ED's Letter

August 2014


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Let Novopay be a lesson

Jude BarbackI once worked on an influenza journal that was struggling for content – so much so that when news first broke of bird flu, my first reaction was journalistic glee ... and then horror at myself for delighting in such a grim topic.

I remember feeling much the same way about Novopay in its infancy. From the editor’s chair, at first Novopay was – to be brutally honest – simply a good story. Not good as in ‘feel-good’, obviously, but it was a story with grit and relevance to the entire education sector.

But as the months rolled on, the more I spoke with teachers, principals, and school administrators at the suffering end of the payroll debacle, the more the situation frustrated me. Like the 90,000 something people on the Ministry of Education’s payroll, I wished Novopay would just go away – story or no story.

Minister Steven Joyce’s recent announcement for a Government-owned company to replace Talent2 in managing a new operating model for the school payroll system appears to offer a glimmer of hope.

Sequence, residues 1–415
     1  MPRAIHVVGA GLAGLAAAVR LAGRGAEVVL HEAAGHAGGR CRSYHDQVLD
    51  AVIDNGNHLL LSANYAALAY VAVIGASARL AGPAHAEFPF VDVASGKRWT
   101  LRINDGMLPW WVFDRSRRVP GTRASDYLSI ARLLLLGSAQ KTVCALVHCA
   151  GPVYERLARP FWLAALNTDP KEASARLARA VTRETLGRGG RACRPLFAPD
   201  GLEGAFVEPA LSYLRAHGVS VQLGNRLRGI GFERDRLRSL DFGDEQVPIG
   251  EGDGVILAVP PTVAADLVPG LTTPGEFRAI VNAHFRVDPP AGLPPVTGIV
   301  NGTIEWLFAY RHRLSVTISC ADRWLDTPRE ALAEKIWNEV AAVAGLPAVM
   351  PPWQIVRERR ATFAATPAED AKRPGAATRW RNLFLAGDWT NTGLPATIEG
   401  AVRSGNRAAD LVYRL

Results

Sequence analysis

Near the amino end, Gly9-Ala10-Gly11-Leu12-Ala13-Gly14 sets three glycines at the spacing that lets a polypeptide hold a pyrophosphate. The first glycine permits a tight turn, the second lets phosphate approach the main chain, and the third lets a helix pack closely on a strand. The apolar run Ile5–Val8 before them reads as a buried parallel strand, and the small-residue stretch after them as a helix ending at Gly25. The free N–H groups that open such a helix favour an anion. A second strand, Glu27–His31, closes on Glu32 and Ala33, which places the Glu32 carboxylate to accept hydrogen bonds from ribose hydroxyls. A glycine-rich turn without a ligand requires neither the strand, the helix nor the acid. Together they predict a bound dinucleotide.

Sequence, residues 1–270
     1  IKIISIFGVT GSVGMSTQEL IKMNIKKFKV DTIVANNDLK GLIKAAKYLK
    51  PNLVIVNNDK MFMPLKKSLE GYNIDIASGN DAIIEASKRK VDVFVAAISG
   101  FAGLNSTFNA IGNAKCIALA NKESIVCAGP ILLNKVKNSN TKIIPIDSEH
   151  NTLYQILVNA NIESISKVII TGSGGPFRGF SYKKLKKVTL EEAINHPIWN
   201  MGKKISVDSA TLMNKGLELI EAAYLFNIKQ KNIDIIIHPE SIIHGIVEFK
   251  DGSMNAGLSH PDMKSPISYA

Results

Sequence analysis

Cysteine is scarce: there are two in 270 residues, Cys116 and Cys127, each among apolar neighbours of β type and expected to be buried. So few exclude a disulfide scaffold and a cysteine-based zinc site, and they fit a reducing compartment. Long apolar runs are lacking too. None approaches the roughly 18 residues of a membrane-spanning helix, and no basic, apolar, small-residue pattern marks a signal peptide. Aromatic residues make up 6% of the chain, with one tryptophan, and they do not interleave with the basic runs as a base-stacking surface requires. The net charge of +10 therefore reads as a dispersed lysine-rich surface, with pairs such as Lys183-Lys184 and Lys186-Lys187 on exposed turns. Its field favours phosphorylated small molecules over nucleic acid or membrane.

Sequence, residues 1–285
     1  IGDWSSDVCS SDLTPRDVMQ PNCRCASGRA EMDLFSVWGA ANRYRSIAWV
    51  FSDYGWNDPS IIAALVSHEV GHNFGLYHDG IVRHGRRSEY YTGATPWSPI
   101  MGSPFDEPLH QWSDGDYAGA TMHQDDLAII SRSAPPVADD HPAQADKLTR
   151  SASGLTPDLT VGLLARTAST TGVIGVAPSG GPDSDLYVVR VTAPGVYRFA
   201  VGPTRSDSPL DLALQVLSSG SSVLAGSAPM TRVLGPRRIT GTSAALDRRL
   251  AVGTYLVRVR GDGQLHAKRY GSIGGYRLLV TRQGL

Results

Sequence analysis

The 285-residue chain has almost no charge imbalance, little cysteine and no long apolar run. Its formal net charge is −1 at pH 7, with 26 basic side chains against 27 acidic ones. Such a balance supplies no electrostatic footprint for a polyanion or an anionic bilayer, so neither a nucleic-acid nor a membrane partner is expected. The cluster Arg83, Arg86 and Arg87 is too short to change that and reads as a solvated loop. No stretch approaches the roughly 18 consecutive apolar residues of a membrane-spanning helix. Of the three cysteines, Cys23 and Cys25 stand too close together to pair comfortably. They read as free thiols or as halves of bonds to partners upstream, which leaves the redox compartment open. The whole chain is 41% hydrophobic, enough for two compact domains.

Let’s hope the change of management brings an end to the problems. True, Novopay has been operating better recently, but issues remain with the start-of-year process and the service desk support, and there are still reports of bizarre inaccuracies creeping in.

The Government’s fix-it plan aims to address these things and simplify the system overall. But equally importantly, surely under Government control, there will have to be more transparency than the previous set-up – hopefully an end to the finger-pointing and buck-passing that cloaked Novopay, particularly in those early days.

Novopay has now cost the taxpayer $110 million – $45 million more than budgeted. Nothing less than a silver bullet will do.

Novopay, and all its troubles, presents an interesting metaphor for the use of technology in education. It is all very well having the latest systems, gadgets, devices, and programmes, but if they don’t serve their fundamental purpose, their raison d’etre, then perhaps we are better off without them.

It is all very well aiming to have a device in the hands of every student, but if this does nothing to enhance learning or to raise student achievement, then what is the point? Within this issue of ICT & Procurement we meet some wonderful educators who are using the available technology to their very best advantage. From Minecraft, to 3D printers, to video-conferencing, to Facebook, to 1:1 device programmes, to cloud-base student management systems, we look at the many ways that technology can make a real difference to education.

Jude Barback, Editor

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